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Walpole police implement new training in wake of bias suit

Banner Staff
Walpole police implement new training in wake of bias suit
Jean-Paul Wahnon filed a complaint with the Walpole Police department after an officer searched his car.

As part of its settlement with a man who claims he was racially profiled, the Walpole Police Department announced last week it will implement new training techniques and best practices, including implicit bias training, for its officers.

The department also paid unspecified damages to John-Paul Wahnon, who was stopped by police last year and was represented by the Lawyers’ Committee for Civil Rights and Economic Justice.

On August 13, 2016, after Wahnon left a shopping center in Walpole, Massachusetts, a police officer followed him for approximately 15 minutes as he drove to his mother’s house in Westwood, Massachusetts. Moments before he entered Westwood, Wahnon was stopped by Walpole police. He was removed from his vehicle and frisked, and his car was searched. He later filed a complaint with the Walpole Police Department, alleging racial profiling.

Wahnon is a professional career counselor who has worked for multi-national corporations in New York and Los Angeles, as well as for the commissioner of Major League Soccer.

Walpole Police Department Chief John F. Carmichael issued a public apology to Wahnon.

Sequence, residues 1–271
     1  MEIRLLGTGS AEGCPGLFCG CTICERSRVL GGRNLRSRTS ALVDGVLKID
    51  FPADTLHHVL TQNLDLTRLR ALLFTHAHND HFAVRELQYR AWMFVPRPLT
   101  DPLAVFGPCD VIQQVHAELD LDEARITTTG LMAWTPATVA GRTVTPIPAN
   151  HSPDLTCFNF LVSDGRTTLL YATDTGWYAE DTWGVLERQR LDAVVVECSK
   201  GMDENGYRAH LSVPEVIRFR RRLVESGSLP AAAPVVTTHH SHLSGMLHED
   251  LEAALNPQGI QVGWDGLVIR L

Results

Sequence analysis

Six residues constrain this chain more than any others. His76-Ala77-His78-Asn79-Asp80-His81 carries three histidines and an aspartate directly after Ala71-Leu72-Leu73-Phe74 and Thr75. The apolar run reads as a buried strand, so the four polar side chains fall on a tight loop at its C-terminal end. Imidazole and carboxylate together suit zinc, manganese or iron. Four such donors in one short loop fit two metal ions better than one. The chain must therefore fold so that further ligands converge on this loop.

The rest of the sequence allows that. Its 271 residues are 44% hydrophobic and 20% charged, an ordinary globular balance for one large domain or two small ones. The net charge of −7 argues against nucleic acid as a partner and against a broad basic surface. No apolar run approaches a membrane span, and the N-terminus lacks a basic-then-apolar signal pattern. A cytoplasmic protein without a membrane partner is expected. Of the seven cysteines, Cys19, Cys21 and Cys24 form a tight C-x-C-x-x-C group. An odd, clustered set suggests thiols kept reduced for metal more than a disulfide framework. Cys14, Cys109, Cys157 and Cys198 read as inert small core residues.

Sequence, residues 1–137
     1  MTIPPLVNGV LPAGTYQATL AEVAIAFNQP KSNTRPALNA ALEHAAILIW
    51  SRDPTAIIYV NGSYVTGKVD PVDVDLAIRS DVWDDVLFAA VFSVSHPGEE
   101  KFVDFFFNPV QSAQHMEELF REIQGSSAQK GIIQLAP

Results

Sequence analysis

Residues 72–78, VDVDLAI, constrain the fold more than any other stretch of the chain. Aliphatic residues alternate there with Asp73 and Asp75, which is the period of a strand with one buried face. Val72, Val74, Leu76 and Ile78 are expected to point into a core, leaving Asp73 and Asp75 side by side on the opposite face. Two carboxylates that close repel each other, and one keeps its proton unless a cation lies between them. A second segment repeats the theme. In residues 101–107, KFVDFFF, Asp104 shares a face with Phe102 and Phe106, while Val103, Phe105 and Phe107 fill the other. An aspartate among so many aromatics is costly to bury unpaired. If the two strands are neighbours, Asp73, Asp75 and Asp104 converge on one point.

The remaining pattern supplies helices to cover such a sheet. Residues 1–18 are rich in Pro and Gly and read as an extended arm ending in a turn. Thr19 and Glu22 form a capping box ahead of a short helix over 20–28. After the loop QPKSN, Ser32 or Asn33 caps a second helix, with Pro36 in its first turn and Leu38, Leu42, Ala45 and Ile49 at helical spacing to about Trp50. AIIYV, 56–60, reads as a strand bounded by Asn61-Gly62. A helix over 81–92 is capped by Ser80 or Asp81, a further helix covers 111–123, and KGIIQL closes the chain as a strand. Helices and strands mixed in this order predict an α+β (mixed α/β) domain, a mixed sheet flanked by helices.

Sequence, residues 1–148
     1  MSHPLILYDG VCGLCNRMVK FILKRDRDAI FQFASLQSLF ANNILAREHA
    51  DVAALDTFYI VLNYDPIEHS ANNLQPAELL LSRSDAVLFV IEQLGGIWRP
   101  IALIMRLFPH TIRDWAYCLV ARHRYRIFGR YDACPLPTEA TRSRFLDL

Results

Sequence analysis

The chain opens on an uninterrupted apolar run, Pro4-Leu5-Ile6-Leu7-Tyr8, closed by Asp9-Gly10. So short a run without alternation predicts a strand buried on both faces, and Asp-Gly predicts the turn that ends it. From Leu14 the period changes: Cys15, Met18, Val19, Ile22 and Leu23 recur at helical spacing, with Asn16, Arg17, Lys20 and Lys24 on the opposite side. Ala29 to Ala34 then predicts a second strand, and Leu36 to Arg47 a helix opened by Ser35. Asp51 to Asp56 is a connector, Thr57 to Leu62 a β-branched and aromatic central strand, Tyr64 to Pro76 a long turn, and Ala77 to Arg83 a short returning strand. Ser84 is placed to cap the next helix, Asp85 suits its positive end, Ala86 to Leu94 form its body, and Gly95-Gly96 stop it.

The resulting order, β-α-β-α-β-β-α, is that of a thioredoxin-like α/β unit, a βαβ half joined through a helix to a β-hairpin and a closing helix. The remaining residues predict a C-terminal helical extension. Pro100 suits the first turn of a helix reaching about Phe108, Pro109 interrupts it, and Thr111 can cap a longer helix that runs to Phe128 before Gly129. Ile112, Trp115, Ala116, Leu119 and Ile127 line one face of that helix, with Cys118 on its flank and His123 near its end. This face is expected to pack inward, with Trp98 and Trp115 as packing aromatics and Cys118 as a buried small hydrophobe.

“On behalf of the Walpole Police Department, I extend a sincere apology to Mr. John Paul Wahnon for his experience with our department,” the statement reads. “At the Walpole Police Department, our core mission is to treat all citizens equally. In doing so, we strive to meet the four pillars of procedural justice: fairness, impartiality, voice, and transparency. When a citizen finds these core tenants were not met, our legitimacy as a police department is weakened.”

A Lawyers’ Committee attorney praised the department’s settlement as an example of substantive police reform.

“Walpole’s decision to implement bias training is an excellent example of how cities and police departments can respond to issues of racial inequity,” said Sophia Hall, a staff attorney at the Lawyers’ Committee representing Wahnon.

Hall said that the Lawyers’ Committee will encourage other local police departments in the Commonwealth to follow the town’s lead in adopting proactive reforms that ensure appropriate treatment of all citizens of the Commonwealth.

In addition to the Lawyers’ Committee, Wahnon was also represented pro bono by Colin Van Dyke at Anderson & Kreiger and Erica Coray at Mintz Levin.

Material from a Lawyers’ Committee press release was used in this report.

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